Occupations, Trades, etc

Butchers Police Rectors

All the censuses have a column listing occupations or other income sources, though there are many blanks against housewives, unmarried daughters and younger children. Marriage registers from mid-1837 give occupations for the groom and the two fathers. Directories have trades against the majority of entries (gentry excepted). The information given on this page is filtered from these sources.

Unusual entries

Glue Mfr
Relieving & Vaccination Officer & Registrar Of Births, Deaths & Marriages
Handicap: Blind -- Basket Maker
Sec To Building Societys Offices Of Society
Capt. 10Th R? Hussars
Handicap: Blind - Gardener
Seed Merchant, Birch Broom Mfr & Farmer
Corn Miller Improver
Handicap: Imbecile - Farm Servant
Shoemaker Closer
Cricket Bat Manufacturers
Housing Inspector To The Thedwastre Rural District Council
Special Pleader
Engineers, Manufacturers Of General Agricultural Implements; Horse Hoes A Speciality ; Wagon & Cart Builders, Ironmongers &C., (Blackbourn Ironworks, & Stowmarket)
Late Cap.8Th Kings Own, Farmer & Brick Manufr.
Steward In The Royal Naval College Portsmouth
Farmer & Manager Threshing Machinery
Marine Store Dealer
Superanuated Metropolitian Po Now Time Keeper At Woolpit
Farmeress & Cowkeeper
Quarter Master
Nothing to do besides collecting manure (Charles Woolsey 1851, No.7)

Non-employment entries

Housekeeper Out Door Pauper Living On Charity No Occupation Always Ill
Income Derived From Bank Interest Living On Income Out Door Pauper
Income Derived From Landed Estates Houses Dividends Etc Ect Living On Income Of Rent Property Pauper
Lady No Proffession Living On Own Means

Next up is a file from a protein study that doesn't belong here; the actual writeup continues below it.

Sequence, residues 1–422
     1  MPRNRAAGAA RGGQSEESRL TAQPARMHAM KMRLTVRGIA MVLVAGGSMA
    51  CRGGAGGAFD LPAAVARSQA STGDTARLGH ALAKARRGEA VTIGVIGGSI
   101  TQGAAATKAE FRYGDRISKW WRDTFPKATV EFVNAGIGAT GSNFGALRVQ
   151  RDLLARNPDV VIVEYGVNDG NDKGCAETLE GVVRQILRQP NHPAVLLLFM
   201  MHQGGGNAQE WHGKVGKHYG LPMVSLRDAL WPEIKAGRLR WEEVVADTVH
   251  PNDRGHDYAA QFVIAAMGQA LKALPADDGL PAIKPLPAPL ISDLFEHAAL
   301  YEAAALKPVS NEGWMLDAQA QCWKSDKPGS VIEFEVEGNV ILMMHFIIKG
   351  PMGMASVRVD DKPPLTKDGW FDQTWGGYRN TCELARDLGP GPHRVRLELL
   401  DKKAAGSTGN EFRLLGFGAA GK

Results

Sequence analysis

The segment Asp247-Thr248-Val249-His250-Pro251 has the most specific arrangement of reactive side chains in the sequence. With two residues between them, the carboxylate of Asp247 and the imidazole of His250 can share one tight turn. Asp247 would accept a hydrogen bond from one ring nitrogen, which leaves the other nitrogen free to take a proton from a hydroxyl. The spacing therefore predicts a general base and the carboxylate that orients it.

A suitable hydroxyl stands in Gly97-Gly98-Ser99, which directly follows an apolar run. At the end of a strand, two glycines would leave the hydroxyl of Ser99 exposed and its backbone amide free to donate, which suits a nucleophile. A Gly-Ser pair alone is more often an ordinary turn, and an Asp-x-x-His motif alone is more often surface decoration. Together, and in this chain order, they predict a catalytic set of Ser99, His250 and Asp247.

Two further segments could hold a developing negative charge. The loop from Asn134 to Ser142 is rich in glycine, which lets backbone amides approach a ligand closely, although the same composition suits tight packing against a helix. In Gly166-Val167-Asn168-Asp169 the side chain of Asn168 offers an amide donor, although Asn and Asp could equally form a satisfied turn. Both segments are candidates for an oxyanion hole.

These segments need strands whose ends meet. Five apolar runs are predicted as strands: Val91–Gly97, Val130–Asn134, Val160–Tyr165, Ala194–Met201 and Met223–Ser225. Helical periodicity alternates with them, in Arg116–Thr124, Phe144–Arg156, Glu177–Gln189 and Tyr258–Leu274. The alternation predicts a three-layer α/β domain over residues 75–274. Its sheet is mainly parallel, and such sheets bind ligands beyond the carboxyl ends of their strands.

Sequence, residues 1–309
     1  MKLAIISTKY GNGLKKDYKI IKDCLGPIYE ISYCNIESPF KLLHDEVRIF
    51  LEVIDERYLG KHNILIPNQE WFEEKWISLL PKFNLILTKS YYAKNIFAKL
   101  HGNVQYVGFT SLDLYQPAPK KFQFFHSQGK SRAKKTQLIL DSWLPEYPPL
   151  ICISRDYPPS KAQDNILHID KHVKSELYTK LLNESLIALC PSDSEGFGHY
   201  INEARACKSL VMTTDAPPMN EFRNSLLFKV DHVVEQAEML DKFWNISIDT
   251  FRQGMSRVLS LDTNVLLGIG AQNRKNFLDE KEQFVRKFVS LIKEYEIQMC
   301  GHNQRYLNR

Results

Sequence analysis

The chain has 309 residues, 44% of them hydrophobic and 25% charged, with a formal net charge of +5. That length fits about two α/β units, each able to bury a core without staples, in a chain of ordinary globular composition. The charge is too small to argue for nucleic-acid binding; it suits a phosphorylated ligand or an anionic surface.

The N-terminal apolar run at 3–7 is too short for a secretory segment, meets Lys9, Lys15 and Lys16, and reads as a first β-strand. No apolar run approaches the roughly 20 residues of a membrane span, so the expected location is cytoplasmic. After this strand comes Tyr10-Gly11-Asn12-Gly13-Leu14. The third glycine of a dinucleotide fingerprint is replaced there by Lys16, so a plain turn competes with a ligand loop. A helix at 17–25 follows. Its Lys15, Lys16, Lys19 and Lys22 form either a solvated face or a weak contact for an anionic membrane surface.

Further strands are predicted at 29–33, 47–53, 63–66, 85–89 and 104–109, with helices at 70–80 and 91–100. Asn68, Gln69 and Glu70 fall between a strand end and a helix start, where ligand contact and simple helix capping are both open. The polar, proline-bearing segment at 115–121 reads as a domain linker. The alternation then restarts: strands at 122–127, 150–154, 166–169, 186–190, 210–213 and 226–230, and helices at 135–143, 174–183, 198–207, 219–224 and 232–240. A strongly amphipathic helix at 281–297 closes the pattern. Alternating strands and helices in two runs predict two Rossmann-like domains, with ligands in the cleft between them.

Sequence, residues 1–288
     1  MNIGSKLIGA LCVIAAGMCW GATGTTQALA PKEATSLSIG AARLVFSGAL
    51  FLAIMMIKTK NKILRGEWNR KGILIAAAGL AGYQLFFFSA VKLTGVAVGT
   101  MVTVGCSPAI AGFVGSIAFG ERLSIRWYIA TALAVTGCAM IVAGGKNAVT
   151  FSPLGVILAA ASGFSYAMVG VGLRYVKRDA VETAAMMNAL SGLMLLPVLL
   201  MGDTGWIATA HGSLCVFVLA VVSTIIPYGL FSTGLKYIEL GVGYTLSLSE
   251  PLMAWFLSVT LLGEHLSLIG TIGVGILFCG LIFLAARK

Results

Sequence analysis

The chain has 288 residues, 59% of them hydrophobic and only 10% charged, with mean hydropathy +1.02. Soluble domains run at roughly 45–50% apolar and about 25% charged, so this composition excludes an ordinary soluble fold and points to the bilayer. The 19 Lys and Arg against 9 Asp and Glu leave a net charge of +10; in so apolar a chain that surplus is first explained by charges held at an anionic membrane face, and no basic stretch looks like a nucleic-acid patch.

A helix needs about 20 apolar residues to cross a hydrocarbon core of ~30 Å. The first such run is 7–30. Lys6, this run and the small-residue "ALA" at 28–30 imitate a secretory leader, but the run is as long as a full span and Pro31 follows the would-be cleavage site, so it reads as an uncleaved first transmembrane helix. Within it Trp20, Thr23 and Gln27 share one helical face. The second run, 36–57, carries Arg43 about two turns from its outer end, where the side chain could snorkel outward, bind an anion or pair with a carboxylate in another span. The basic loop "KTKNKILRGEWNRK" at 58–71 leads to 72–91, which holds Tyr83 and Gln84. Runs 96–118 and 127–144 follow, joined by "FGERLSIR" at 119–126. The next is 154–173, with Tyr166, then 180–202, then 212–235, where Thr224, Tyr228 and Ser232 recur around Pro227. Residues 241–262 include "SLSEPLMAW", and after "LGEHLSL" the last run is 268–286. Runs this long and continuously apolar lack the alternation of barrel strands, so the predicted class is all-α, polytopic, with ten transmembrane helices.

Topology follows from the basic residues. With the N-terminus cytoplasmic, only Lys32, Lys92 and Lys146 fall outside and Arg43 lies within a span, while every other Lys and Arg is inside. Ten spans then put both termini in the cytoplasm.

Lady Of The Manor Living On Parish Allowance

Regular entries

Professional & Managerial Merchants & Dealers Manufacturers Servants
Accountant & Auditor Midwife Brick Merchant Agricultural Implement Manufacturer & Agent; Ironmonger &C Barmaid/Man
Assessor & Collector Of Taxes Nurse Cattle Dealer Brick & Tile Maker Butler
Bacon Factory Manager Physician Coal Merchant Coach Builder Charwoman
Broker Rate Collector Commercial Traveller. Farm & Portable Building Manufacturer Coachman
Collector Of Taxes Rector Corn Merchant Glass Manufacturer Cook
Curate Registrar Of Births And Deaths Corn Seed & Coal Mercht Iron Founder & Machine Maker Dairyman/Woman
Dentist Sanitary Inspector Cycle Agent Manure Manufacturer Domestic Servant
Farm Bailiff Station Master Dealer (General) Gardener
Farm Manager Surgeon Egg Merchants Horseman
Farm Steward Flour Dealer Housekeeper
Inspector Of Police Horse Dealer Housemaid
Insurance Agent Implement Agent Lady'S Maid
Land Surveyor, Surveyor, Highway Surveyor Manufacturers' Agent Mothers Help
Manure Merchant Ostler
Seed Merchant
Timber Merchant
Tradespeople, Skilled Workers
Baker Cordwainer Machine Owner Printer Turner
Basket Maker Cutler & Grinder Maltster Railway Clerk Undertaker
Beer Retailer Draper Market Gardener Railway Navvy Victualler
Blacksmith Dressmaker, Needlewoman Mason Railway Platelayer Washerwoman
Boarding House Keeper Engine Driver Mechanic Railway Porter Waterman
Boot & Shoe Maker Engineer Miller Railway Signalman Weaver
Boot Repairer Fancy Goods Dealer Milliner Rat Catcher Wheelwright
Bricklayer Farmer Motor Cycle & Cycle Dealer Saddler (Or Collar) & Harness Maker &C. Wood Hurdle Maker
Broom Maker Farmer & Horse Slaughterer. Motor Engineer Sawyer Woodcutter/Woodman
Builder & Contractor Farrier Nursery & Seedsman Sexton Yardman
Butcher Fishmonger Painter & Decorator Shepherd
Cabnettmaker Fruiterer Parish Clerk & Sexton Shoemaker
Carpenter & Joiner Gamekeeper Photographer Shopkeeper
Carrier/Carter/Haulage Contractor Garage Ploughman Sign& Glass Writer
Cattle Drover Gardener/Nurseryman Plumber & Glazier Tailor
Chimney Sweep Grocer Police Constable Thatcher
Clerk Horse Slaughterer Pork Butcher Tile Maker
Clock & Watch Maker Innkeeper/Publican Postmaster/Mistress, Postman Tinker
Confectioner Laundress Poultry Farmer Traction Engine Driver